Optimization, Pricing and Control in Networks
In the last decade, a new theoretical foundation for quantitative network research has emerged. Its key ingredients are the following: economic models to formulate network resource allocation as a convex optimization problem; use of optimization methods to devise decentralized solutions to these problems, in terms of dynamic adaptation of the relevant variables; tools of control theory to understand the dynamic properties of these methods. The resulting body of theory has been highly successful in providing models for TCP congestion control, describing how local protocols should be designed to allow for interesting global properties to emerge. From here, recent research has advanced this methodology to other layers of the protocol stack. In this course we will provide an introduction to this interdisciplinary field of research.
Lecture 1: Convex optimization and tools from economic theory.Convex functions and sets, convex optimization problems. Duality. Elements of microconomic theory, examples from network resource allocation.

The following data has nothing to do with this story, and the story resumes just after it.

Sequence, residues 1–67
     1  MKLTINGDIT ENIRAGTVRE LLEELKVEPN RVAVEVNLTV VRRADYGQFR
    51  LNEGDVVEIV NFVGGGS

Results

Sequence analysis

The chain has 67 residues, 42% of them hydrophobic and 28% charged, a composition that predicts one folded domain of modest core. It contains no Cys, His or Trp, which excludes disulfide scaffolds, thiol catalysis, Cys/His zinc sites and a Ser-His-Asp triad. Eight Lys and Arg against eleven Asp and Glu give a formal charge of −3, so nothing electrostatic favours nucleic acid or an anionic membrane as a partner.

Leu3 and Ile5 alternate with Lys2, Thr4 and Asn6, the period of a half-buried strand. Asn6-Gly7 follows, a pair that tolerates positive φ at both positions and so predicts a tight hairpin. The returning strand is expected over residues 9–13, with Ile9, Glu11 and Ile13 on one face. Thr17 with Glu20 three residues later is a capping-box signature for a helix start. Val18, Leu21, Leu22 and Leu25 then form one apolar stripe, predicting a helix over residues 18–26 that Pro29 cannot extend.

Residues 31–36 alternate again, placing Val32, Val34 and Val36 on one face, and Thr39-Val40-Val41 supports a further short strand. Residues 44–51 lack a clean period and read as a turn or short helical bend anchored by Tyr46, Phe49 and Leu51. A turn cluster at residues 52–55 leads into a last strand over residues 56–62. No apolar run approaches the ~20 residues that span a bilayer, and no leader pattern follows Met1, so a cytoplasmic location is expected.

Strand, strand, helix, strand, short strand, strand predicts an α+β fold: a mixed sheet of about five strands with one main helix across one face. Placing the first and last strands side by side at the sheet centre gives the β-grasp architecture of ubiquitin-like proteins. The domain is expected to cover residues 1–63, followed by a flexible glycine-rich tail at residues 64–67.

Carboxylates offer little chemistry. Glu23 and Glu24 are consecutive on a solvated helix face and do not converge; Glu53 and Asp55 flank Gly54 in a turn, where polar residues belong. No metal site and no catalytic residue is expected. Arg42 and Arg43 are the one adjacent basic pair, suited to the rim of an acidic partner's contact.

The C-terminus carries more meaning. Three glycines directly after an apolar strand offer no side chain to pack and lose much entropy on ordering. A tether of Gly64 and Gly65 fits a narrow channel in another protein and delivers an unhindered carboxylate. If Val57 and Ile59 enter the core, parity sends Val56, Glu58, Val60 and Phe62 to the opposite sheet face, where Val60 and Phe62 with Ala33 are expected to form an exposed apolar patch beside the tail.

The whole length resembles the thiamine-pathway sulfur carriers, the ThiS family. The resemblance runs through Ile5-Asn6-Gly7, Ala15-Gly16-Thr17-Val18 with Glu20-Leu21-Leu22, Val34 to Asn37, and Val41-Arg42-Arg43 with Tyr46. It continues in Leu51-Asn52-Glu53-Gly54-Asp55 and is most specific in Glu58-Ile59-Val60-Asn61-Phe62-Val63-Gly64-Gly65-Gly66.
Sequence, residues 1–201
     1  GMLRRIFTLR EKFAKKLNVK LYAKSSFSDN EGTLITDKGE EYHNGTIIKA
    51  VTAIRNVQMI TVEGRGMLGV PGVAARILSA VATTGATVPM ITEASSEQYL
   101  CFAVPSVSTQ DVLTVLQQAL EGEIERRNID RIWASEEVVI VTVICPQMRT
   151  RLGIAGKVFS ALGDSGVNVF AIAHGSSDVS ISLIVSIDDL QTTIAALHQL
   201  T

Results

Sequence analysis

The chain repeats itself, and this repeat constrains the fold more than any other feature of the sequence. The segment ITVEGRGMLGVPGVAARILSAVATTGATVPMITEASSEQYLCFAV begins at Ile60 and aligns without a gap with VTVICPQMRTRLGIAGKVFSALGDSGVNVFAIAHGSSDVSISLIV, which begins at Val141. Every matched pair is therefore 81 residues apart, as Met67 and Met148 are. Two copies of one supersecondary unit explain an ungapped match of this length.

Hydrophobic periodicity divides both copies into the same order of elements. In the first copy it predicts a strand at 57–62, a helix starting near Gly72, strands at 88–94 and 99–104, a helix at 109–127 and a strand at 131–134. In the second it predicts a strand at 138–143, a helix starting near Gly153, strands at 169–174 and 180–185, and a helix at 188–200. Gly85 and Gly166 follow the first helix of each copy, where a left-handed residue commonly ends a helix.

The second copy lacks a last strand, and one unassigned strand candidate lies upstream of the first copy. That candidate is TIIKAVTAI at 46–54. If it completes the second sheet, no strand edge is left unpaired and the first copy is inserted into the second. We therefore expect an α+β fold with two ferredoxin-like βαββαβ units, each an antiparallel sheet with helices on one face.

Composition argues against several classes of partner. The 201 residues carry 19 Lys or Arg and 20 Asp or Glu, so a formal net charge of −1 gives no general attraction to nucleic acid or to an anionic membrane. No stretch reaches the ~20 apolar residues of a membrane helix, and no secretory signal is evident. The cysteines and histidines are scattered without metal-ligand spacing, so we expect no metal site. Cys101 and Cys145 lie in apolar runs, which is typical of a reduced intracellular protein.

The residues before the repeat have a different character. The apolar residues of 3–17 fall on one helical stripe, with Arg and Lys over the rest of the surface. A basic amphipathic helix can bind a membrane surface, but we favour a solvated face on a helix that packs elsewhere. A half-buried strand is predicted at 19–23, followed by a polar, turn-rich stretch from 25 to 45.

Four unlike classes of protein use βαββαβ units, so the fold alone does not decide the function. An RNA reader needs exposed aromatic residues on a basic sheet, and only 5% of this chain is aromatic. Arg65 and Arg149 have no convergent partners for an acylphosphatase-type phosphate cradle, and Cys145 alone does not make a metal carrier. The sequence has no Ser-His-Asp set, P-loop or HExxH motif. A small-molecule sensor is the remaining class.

Lecture 2: Dynamics and control. Lyapunov stability of differential equations. Feedback control loops, tools for stability analysis, effect of feedback delay. Examples from congestion control.
Lecture 3: Congestion control. Formulation of the congestion control problem in terms of utility maximization. Primal, dual, and primal-dual algorithms and their stability. Application to modeling of current TCP.
Lecture 4: TCP stability and delay, introduction to scalable protocols. Application of control theory tools for TCP stability Implications on protocol design.
Lecture 5: Introduction to cross layer optimization. Examples of joint resource allocation in multiple layers of the protocol hierarchy.
Contact Seminar Instructor: email@example.com
The seminar will be conducted in English